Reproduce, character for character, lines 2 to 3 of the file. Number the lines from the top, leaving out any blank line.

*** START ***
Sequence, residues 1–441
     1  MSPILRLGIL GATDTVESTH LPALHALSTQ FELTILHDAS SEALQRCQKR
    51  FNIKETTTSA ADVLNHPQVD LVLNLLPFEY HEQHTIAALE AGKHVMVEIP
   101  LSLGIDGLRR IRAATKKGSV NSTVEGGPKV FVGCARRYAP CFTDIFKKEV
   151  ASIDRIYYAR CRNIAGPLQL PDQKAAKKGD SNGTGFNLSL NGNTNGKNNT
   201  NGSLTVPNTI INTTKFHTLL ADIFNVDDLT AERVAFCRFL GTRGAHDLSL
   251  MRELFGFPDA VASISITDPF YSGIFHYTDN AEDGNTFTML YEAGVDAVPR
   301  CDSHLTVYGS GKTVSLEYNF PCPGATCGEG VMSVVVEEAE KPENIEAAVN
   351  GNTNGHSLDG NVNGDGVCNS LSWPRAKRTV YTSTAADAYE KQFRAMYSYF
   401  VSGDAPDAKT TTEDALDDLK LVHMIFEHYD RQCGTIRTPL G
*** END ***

     1  MSPILRLGIL GATDTVESTH LPALHALSTQ FELTILHDAS SEALQRCQKR
    51  FNIKETTTSA ADVLNHPQVD LVLNLLPFEY HEQHTIAALE AGKHVMVEIP